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Chinese students protest Jinping’s ‘indefinite’ rule

Chinese international students all around the world are protesting against the abolition of presidential term limits fearing this will allow president Xi Jinping‘s rule to be extended indefinitely.

The Twitter account of the campaign. Image: Twitter

Security concerns are a priority for the protesters, who are afraid they will face problems upon their return home

A twitter account named @stopxijinping was created on March 1, 2018 according to reports, as posters with “Not my president” written over Xi Jinping’s photo started to appear around US campuses ahead of China’s National People Congress vote on term limits on March 11.

Posters supporting the campaign popped up in universities around the US, and by March 5 the protest Twitter account posted photos of posters at the London School of Economics in London.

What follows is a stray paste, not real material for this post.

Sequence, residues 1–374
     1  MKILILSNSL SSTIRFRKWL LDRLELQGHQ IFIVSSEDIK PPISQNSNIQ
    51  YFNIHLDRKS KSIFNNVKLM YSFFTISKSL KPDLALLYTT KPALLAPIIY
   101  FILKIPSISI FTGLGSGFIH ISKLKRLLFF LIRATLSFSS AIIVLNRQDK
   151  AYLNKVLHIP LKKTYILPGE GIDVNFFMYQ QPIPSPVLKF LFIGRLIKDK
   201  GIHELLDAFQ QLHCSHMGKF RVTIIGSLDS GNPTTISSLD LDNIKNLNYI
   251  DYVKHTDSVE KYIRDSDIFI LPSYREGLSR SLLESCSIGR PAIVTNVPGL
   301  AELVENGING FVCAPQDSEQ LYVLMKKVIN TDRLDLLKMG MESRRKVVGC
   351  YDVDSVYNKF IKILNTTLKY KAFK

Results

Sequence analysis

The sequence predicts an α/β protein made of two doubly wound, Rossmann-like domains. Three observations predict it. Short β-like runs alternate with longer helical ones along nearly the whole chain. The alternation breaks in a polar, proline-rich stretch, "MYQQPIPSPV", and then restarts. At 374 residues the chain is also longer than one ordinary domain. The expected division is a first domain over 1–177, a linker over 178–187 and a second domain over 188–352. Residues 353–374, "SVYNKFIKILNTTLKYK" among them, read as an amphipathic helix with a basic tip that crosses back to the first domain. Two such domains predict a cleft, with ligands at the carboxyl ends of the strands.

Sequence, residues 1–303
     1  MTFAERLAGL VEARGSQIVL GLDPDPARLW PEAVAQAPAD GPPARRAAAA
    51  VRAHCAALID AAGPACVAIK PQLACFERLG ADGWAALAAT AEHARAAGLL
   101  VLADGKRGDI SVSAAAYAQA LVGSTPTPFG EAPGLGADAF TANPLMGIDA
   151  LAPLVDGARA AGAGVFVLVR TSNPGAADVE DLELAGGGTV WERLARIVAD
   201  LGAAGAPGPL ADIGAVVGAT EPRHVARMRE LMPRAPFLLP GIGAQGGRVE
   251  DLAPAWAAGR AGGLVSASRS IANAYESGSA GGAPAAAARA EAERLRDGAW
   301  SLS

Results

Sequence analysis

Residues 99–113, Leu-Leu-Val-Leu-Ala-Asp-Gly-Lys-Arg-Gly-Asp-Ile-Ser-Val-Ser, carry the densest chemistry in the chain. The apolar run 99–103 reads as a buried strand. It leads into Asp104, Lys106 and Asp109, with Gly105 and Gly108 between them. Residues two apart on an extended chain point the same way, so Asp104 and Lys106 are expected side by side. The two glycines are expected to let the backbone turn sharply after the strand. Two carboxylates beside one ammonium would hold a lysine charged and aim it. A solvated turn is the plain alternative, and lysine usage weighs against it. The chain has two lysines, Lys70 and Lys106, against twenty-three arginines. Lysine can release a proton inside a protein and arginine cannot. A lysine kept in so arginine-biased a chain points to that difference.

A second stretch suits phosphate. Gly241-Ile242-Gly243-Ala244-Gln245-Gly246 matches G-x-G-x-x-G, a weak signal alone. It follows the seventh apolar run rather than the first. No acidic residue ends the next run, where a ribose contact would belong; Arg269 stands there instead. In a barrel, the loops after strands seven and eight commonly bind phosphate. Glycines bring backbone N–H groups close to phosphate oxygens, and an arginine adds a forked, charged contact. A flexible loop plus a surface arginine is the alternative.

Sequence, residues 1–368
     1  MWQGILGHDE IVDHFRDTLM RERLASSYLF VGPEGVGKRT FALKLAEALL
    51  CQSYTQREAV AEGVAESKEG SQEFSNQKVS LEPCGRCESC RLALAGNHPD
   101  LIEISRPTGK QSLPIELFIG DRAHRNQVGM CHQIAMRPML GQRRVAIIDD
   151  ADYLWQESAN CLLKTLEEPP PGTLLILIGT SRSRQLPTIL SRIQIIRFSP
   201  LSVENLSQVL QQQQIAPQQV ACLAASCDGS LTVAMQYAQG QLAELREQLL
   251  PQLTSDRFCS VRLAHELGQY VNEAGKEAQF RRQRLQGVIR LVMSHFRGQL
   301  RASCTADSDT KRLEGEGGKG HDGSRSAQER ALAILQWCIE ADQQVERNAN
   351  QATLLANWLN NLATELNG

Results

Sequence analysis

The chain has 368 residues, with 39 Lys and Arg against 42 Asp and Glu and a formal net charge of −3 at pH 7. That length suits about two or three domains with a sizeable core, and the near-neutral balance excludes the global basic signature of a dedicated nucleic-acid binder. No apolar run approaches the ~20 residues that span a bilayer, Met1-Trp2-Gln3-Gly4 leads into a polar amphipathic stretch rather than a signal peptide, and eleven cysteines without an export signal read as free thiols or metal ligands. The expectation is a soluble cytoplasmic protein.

“Given Chinese government’s reach and willingness to retaliate against any who exercise dissent, this is a bold move”

These were followed by photos from the University of Sydney, the University of Melbourne, Monash University and Curtin University in Australia, The University of British Columbia in Canada and the Chinese University of Hong Kong among others. Around Europe, the protest spread from The Netherlands to Poland.


On March 11, the NPC voted to scrap term limits for the president and the vice-president of China, but the protest only gathered pace.

The office of Florida senator Marco Rubio retweeted Foreign Policy‘s article about the protests, calling them out as “a bold move”.

“Given Chinese government’s reach and willingness to retaliate against any who exercise dissent, this is a bold move,” its tweet said.

Security concerns are a priority for the protesters, who are afraid they will face problems upon their return home.

“We’re facing retaliation from the Chinese Government once we’re exposed because there’ll be jail time without due process,” a student, who wished to remain anonymous, told Australian radio program and website Hack.

“We’re not Australian residents and we’re definitely going to turn back to China and that’s a huge security risk.”

The PIE contacted the organisers for an update to the situation, however, they declined to comment further citing safety concerns.

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